Without realizing it at the time, I rationalized it as a way to cope with increasingly severe and ultimately debilitating back pain following a 2001 auto accident. I know I certainly thought I deserved the “reward” of drinking – whether I was mourning, celebrating, or just relaxing.
My rock bottom was a slow demise. It began at a client event in March 2014. Just before checking into my hotel room to change into my dress, I located a package store and bought a six pack of Sam Adams lager. While I primped and perfected my appearance, I downed four beers. Then, I strolled across the parking lot to the event. I have absolutely no idea how much cheap red wine I drank. I can’t even recall whether or not it was open bar or if I was buying the drinks. I had a glass in my hand all night – even taking it with me, spilling like crazy. Each time I went to the ladies room I had conversations I don’t remember. I couldn’t put two words together and when I did my speech was terribly slurred.
I was interviewed for a video documentary and was astonished weeks later (when I received a link to the finished product) that there was actually a decent clip of me that made the final cut. To this day, I shudder when I think about all the unusable footage of me.
Long story short, I went out with a crew after the event and drank more beer and smoked a few cigarettes. I’m not a smoker. In the morning, I felt like complete garbage, had awful shakes, and promptly downed one of the remaining Sam Adams before my client picked me up for breakfast. The other beer I saved to drink before my four hour drive home.
About a week or so later, I placed a call to a wellness coach who had been a client years ago – we had actually bartered services. I knew at that time I had a problem but refused to open up to her – if I did that, I’d have to admit to myself that I was an alcoholic. This time, though, my call was my cry for help – I was ready to be honest with myself and with her.
A couple of weeks later, after continuing to drink to excess daily, I had my first session with her. It was another several weeks of off again, on again drinking before I managed to stop completely. When I was drinking, I hated hangovers; loss of control; the way I treated my husband and kids; all the energy it took to hide my alcoholism from everyone around me; feeling I couldn’t function or succeed without the crutch of alcohol.
I used to miss my comedic side. But, it turns out, I’m still pretty funny. As an alcoholic in recovery, I hate not being able to drink. I hate the feeling that I am not normal, that I have a problem. I hate the feeling that, once I tell people I am an alcoholic they are always going to wonder if I’ve fallen off the wagon, especially if I act silly or make a mistake.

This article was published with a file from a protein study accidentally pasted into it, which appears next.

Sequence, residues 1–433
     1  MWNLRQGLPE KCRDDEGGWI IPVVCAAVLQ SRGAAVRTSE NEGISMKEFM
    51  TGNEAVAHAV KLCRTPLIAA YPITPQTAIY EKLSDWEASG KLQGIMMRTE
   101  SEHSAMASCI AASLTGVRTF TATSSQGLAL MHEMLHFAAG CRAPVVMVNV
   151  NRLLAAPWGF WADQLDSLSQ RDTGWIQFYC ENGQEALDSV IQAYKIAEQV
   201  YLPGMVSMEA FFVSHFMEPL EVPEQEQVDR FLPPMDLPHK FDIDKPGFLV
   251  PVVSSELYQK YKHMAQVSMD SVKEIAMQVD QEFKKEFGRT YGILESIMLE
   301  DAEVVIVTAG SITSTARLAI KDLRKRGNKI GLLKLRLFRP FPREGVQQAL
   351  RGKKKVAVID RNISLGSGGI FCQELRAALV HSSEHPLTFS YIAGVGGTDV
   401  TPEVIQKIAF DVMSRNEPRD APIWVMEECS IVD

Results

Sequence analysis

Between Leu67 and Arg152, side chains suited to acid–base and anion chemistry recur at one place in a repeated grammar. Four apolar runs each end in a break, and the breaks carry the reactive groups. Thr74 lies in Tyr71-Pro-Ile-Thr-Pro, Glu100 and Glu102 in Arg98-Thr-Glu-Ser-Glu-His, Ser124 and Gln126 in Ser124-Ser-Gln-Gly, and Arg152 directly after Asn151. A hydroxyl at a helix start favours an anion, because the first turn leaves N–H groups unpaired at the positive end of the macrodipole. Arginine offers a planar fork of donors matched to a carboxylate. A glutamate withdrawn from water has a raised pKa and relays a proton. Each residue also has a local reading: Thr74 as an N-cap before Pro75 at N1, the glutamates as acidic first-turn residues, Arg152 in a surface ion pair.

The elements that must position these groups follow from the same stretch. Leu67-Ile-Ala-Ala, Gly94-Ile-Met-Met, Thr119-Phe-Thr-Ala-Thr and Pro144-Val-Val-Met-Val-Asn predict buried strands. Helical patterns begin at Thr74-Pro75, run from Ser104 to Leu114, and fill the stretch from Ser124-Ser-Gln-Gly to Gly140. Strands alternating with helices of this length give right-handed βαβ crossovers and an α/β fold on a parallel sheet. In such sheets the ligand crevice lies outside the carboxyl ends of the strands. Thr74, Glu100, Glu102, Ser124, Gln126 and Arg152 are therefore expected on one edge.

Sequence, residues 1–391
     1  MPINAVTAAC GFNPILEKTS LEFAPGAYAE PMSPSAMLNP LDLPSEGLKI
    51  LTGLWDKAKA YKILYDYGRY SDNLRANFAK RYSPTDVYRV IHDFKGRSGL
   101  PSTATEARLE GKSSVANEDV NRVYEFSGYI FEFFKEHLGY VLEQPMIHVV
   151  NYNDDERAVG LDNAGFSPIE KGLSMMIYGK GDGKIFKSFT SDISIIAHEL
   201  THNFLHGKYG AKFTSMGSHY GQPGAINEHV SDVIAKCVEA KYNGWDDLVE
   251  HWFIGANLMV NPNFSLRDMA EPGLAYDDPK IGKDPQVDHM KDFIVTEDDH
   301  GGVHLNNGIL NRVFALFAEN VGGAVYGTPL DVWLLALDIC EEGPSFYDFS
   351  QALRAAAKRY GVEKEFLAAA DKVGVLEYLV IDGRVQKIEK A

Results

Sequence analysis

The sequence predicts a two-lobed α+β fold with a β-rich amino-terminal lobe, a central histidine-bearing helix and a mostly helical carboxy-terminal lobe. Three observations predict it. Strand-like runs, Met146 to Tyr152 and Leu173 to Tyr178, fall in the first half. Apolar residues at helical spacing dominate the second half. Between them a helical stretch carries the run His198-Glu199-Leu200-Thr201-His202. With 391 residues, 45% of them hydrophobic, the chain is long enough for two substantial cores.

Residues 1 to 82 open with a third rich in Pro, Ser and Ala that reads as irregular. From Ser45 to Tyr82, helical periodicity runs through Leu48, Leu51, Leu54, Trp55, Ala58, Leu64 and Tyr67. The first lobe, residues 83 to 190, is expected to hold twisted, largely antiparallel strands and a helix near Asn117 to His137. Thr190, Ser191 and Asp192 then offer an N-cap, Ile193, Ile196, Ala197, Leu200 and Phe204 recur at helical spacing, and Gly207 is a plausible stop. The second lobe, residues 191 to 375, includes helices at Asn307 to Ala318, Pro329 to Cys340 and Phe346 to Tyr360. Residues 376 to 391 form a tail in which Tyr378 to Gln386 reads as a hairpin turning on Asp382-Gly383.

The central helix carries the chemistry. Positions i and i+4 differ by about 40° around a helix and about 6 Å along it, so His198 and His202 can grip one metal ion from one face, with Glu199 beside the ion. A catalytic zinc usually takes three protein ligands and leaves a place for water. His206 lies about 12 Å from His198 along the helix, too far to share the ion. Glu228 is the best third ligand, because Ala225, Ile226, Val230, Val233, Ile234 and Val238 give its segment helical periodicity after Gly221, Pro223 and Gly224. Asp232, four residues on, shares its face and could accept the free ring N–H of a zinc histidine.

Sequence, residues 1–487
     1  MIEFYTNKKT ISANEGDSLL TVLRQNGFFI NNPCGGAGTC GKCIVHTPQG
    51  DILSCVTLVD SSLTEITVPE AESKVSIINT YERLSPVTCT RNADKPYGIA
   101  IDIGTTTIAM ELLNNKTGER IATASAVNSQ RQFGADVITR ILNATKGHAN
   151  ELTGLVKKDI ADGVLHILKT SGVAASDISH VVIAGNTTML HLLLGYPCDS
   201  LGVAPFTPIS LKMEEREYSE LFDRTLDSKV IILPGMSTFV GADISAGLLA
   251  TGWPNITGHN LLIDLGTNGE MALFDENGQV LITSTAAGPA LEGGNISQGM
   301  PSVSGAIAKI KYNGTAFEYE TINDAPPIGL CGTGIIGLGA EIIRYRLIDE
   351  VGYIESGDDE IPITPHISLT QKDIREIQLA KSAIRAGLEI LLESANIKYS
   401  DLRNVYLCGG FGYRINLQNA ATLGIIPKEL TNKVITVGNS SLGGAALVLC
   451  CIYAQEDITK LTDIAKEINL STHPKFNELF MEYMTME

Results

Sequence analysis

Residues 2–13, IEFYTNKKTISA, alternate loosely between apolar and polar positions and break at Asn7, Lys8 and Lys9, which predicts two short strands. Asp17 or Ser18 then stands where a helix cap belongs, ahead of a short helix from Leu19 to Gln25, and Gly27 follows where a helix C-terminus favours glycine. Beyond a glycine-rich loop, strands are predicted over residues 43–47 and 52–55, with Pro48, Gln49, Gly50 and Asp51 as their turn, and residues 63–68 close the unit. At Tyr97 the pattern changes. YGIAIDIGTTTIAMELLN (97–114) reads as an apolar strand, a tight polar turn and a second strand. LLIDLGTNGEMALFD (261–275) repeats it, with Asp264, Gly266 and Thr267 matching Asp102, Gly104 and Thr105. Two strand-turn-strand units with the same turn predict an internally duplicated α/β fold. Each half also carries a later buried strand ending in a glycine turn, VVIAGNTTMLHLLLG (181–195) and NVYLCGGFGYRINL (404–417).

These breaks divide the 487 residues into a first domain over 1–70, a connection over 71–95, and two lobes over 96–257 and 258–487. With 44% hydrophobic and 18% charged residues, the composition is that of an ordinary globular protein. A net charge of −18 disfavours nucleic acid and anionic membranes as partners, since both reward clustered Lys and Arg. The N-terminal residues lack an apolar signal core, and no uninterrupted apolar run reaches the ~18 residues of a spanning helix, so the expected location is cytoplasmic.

When I was drinking, I loved drinking, the feel of the wine glass or beer bottle in my hand, the feel of the drink moving past my lips. My drink was my breath of air. It was how I decompressed. It was how I celebrated. It was how I mourned. Having to find new tools for all those emotions and moments has been and continues to be a challenge. But, I’m getting there.
As an alcoholic in recovery, I love knowing I will never have to doubt myself, my instincts, and my power. I love the clarity of sobriety. I love how much I have gotten to know myself and the process of realizing and embracing what a wonderful person I am. Today, I drink TAZO Passion iced tea from my wine glass. I exercise almost every night –- my favorite is taking a long walk along a river by my house. And, I have detoxed my entire body, eliminating sugar and most dairy, eating clean and organic.
A clean me is a healthy me. A clean me is a powerful me. Had I not quit drinking, I never would have started my blog (www.QuitWining.com) and my sober presence on social media. The wonderful thing that has started to happen as a result of that work is the opportunity to connect with others who are thinking about getting sober, struggling to stay sober, and celebrating years of sobriety. I’ve found a community I didn’t know existed and a place where I can share my story both as a creative and therapeutic activity for me during recovery and as a source of support for others with whom my story resonates.
That said, I absolutely do not for one second take for granted the unconditional love of my family – my relationships with my husband and kids are stronger than ever and I am so grateful I escaped the evil clutches of alcohol before destroying my family. I treasure them and their love and the ability to love them soberly more and more every day. And, my business, which I built almost to its current level in my most active stage of addiction, is thriving more than ever. I am so much more capable, creative, and truly brilliant without the alcohol I used to think I needed to help me keep juggling and never dropping any balls.
I’m winning. Because I make a conscious choice to remain sober. Every. Single. Day.